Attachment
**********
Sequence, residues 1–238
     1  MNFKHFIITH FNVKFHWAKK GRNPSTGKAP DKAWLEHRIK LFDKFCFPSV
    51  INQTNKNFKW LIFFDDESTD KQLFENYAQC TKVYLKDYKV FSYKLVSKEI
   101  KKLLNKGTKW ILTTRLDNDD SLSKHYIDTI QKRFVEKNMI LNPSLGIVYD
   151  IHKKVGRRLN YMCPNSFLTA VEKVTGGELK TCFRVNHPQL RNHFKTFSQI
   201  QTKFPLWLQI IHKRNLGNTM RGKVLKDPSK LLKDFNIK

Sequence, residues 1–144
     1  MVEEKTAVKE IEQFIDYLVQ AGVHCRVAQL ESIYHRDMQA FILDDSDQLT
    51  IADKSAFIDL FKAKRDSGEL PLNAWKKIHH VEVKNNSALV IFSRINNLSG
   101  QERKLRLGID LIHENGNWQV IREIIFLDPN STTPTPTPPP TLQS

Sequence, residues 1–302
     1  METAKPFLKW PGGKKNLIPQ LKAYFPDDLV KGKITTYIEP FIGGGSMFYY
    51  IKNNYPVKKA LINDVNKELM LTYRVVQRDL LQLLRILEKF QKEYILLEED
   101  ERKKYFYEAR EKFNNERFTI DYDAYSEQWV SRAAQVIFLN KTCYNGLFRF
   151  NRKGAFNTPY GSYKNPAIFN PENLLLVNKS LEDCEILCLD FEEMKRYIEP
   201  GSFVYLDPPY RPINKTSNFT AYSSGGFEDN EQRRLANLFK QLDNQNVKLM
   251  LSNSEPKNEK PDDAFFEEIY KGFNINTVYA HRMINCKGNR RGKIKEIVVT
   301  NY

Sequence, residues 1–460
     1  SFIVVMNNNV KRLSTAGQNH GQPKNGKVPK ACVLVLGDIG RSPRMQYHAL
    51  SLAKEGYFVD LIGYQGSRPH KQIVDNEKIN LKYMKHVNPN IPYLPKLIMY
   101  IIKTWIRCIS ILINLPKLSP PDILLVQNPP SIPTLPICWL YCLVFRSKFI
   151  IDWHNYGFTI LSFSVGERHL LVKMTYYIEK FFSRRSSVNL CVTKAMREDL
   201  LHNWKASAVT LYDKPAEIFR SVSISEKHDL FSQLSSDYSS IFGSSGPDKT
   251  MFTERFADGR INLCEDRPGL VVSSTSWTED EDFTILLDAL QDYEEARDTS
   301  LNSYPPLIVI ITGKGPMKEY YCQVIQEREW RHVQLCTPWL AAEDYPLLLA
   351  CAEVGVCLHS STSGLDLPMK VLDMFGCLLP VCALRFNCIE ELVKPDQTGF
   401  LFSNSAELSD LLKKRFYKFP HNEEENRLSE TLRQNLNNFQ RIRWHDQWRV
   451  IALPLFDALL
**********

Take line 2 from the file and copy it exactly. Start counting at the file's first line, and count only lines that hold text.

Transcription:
     1  MNFKHFIITH FNVKFHWAKK GRNPSTGKAP DKAWLEHRIK LFDKFCFPSV